I have always been a museum nerd. I guess it stems from my childhood and my Dad always taking us to museums, even when we were small, energetic children. And even though then, I may have not admitted out loud then, that I loved going to museums everywhere we traveled, I did. To this day I still enjoy visiting museums, seeing all the long lost artifacts, learning all the random facts that make up the history of this world, and meeting people from around the world.
When we went to Dallas last summer, Eric had just started reading the Stephen King novel, 11/22/63 and so The Sixth Floor Museum was one of the things at the top of our attraction list. I had been years and years ago, but probably didn’t appreciate it as much as I should have, so it is was good to go back.
The Sixth Floor Museum is located on the sixth and seventh floors of the Texas School Book Depository. The museum features films, photographs and artifacts (including original books found in the depository that day, police reports, cameras from reporters and bystanders, official documents, etc.) that chronicle President Kennedy’s life, death and legacy, as well as, special temporary exhibits.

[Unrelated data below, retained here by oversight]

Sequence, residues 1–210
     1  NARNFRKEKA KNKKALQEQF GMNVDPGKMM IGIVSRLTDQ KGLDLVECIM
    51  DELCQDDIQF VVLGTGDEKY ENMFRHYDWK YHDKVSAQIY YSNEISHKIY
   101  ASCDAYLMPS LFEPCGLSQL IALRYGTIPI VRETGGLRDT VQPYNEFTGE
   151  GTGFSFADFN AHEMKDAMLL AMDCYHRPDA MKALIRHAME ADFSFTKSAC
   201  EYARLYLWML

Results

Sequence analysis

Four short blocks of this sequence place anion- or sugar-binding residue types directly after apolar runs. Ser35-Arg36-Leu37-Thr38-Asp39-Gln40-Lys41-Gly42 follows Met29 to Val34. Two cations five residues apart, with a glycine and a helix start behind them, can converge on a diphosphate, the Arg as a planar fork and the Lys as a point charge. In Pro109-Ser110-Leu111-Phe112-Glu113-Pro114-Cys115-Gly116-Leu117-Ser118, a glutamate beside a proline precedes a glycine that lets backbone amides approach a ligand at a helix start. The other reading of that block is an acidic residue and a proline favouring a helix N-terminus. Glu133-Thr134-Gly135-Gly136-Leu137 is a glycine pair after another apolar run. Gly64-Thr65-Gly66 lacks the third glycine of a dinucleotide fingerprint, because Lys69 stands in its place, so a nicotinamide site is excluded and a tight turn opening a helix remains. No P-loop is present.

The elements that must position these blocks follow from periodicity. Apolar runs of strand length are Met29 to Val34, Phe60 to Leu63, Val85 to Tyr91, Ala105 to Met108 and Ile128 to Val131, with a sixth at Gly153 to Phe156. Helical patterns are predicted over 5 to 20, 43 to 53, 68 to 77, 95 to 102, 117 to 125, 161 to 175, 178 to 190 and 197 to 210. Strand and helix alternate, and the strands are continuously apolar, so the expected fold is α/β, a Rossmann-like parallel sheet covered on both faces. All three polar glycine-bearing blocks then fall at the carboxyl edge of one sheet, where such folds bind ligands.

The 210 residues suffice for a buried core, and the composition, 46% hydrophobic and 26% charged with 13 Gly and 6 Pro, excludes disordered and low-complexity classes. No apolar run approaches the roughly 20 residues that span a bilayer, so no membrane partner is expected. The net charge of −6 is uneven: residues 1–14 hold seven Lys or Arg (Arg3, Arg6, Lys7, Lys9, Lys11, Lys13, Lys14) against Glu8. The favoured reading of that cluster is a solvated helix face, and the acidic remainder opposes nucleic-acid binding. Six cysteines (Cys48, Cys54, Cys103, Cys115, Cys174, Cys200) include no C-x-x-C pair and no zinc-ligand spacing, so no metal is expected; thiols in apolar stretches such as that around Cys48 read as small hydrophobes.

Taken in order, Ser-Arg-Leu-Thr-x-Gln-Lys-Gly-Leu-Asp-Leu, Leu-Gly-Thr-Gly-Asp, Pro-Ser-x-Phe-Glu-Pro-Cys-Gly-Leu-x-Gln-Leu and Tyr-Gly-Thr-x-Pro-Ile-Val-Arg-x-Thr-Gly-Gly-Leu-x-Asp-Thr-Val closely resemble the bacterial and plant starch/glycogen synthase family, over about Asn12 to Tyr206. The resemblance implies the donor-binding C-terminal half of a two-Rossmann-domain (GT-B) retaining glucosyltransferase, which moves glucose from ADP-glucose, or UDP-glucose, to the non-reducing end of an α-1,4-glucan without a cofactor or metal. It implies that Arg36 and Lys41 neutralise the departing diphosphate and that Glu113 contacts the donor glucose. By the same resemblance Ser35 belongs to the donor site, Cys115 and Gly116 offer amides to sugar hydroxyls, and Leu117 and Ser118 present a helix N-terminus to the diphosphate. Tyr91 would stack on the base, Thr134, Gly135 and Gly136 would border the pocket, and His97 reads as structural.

While you can walk through at your own pace, I highly recommend listening along with the audio guide. The audio guide is included in the admission price and not only features thorough explanations of the exhibit’s artifacts and photos, it has excerpts of original radio broadcasts and the voices and accounts of reporters, police officers and eye witnesses.
While the bulk of the museum is about JFK’s assassination, I am happy they feature information about his life and presidency leading up to that day. The museum also highlights the legacy President Kennedy left behind.
Unfortunately, no photography is allowed on the sixth floor exhibit. Once you reach the seventh floor, where they have the special exhibits, you can take photos. At the time we visited, there was a photo mosaic exhibit, with photos of President John F. Kennedy and Jacqueline Kennedy
(pictured) composed of approximately 5,500 Dallas Times Herald Collection photographs.
Note: While we thoroughly enjoyed The Sixth Floor Museum, and would highly recommend it if you are in the Dallas area, I don’t recommend it for small children, I suggest middle school and up.
For more information about visiting The Sixth Floor Museum, find additional information below:
Address: 411 Elm Street Dallas, TX 75202
Phone number: 214.747.6660
Hours: Monday: Noon to 6 p.m. and Tuesday-Sunday: 10 a.m. to 6 p.m.
Price: Adult — $16.00 U.S.
Senior (Ages 65+) — $14.00 U.S.
Youth (Ages 6-18) — $13.00 U.S.
Children (Ages 0-5) — Free or
$4.00 U.S. with audio guide